STATEMENT REGARDING FEDERALLY-SPONSORED RESEARCH AND DEVELOPMENT
- FIELD OF THE INVENTION
The present invention has not been developed as a result of any federally funded project, contract or any other situation in which governmental involvement including money, employees, contractors or other support has existed or continues.
- BACKGROUND OF THE INVENTION
The present invention deals with telecommunications technology; specifically, the design and manufacture of “point of presence” network nodes for transmission and reception of video, data and voice communications.
Most major telecommunication service provider's and reseller's Point of Presence” or POP designs employ network elements or equipment which are housed in a dedicated room, in a central office environment, or directly in a data center.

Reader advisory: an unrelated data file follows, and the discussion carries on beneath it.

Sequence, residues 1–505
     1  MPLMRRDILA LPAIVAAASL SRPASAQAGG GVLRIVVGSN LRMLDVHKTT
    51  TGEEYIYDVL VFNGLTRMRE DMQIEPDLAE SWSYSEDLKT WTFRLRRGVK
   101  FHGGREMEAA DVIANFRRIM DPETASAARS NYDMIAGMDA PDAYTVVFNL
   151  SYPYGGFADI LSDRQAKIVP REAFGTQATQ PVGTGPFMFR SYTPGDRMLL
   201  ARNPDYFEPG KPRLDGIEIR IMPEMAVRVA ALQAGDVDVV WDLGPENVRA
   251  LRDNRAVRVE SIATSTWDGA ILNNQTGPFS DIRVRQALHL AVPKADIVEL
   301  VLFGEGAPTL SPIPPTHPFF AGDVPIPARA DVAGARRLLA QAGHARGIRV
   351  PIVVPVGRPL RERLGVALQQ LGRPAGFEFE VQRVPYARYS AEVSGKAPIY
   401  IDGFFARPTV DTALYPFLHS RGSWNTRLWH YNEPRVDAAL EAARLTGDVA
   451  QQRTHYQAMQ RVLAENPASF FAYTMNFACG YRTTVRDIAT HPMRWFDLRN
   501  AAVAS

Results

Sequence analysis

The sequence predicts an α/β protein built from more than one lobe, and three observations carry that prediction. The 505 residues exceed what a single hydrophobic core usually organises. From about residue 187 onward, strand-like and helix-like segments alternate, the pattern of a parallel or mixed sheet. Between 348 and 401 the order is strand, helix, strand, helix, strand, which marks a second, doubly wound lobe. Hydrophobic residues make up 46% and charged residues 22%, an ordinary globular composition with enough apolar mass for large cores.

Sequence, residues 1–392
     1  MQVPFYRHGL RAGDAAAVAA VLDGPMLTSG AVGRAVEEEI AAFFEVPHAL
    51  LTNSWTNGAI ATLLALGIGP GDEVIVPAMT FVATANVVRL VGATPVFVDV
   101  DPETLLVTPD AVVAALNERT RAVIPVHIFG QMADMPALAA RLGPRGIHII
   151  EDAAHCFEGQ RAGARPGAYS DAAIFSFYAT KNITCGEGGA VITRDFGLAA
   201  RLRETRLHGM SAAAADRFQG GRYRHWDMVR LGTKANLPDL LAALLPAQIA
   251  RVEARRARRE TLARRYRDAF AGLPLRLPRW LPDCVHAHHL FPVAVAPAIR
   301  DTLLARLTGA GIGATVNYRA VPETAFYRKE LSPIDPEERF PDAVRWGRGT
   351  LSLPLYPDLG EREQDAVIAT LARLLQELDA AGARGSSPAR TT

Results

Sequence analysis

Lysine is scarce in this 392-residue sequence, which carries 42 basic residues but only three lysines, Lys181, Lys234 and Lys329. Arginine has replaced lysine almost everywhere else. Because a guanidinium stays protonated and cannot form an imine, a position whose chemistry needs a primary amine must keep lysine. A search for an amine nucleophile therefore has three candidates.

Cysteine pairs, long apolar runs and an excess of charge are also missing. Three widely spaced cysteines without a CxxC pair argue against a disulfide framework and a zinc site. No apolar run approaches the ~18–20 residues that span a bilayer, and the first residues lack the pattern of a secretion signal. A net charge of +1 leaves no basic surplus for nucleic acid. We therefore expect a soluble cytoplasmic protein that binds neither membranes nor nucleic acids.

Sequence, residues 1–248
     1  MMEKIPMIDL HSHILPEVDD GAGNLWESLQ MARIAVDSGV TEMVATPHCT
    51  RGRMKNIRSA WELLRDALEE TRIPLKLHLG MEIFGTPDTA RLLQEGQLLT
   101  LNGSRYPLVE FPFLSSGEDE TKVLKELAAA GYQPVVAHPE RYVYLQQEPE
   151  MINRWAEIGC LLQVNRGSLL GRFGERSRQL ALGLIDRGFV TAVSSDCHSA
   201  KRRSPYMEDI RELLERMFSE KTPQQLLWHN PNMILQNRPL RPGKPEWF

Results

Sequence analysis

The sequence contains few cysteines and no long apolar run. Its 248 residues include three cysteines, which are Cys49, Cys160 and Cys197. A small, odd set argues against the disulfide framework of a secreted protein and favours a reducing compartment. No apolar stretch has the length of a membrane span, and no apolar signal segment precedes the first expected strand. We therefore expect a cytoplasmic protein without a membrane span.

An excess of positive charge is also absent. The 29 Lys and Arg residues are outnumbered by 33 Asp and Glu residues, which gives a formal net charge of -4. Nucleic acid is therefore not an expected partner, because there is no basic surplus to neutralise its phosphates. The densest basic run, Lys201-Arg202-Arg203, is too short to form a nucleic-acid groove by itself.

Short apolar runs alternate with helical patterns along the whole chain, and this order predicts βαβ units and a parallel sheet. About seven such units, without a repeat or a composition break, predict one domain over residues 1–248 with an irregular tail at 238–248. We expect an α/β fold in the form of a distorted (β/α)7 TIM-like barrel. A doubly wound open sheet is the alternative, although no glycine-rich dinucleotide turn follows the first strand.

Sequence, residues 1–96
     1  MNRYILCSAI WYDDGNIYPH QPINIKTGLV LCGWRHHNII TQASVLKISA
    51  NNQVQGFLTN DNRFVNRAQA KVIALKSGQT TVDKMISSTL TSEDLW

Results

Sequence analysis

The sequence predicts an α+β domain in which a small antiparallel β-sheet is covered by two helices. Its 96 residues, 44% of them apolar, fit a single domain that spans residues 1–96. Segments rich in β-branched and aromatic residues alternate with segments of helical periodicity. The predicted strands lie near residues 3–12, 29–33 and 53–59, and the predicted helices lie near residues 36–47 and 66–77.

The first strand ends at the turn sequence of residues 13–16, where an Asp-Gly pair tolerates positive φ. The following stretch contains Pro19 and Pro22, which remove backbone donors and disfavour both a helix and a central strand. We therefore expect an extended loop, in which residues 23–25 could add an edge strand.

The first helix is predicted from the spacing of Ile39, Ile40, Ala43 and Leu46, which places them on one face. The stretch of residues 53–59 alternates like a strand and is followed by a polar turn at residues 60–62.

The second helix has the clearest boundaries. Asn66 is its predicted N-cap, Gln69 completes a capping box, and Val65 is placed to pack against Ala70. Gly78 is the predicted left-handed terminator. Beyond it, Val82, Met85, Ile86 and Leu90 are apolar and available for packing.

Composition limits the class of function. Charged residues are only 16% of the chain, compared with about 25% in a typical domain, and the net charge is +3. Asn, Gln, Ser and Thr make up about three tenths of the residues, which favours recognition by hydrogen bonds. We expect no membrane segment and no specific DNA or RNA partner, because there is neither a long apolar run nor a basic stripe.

The reason for such location is that the environment provides security, seismic protection, environmental protection including controlled temperature, fire protection and uninterrupted power sourcing.
Traditionally, these providers rely upon their POPs to support thousands of customers. Because so many customers' service is dependant upon these individual POPs, it is imperative that the above security and support measures are available to maintain availability and reliability of the POP.
Attendant to these security measures are other requirements; e.g., area (footprint) to house large uninterruptable power supplies (“UPS”), air conditioning, battery backup power, fire suppression and security against theft. Such logistical requirements demand a certain amount of “footprint” for the integration of these requirements. This footprint dictates the use of a “phone room”, data center or central office.